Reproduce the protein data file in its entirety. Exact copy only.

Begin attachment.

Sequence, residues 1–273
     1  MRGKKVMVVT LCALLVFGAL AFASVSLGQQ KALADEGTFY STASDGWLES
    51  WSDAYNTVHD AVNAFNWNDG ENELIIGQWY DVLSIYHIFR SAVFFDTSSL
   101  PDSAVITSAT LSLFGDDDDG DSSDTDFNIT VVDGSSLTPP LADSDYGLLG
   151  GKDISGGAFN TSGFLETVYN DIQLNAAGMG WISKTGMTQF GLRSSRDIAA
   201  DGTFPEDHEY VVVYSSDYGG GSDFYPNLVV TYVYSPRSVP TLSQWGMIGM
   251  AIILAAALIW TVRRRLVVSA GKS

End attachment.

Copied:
Sequence, residues 1–273
     1  MRGKKVMVVT LCALLVFGAL AFASVSLGQQ KALADEGTFY STASDGWLES
    51  WSDAYNTVHD AVNAFNWNDG ENELIIGQWY DVLSIYHIFR SAVFFDTSSL
   101  PDSAVITSAT LSLFGDDDDG DSSDTDFNIT VVDGSSLTPP LADSDYGLLG
   151  GKDISGGAFN TSGFLETVYN DIQLNAAGMG WISKTGMTQF GLRSSRDIAA
   201  DGTFPEDHEY VVVYSSDYGG GSDFYPNLVV TYVYSPRSVP TLSQWGMIGM
   251  AIILAAALIW TVRRRLVVSA GKS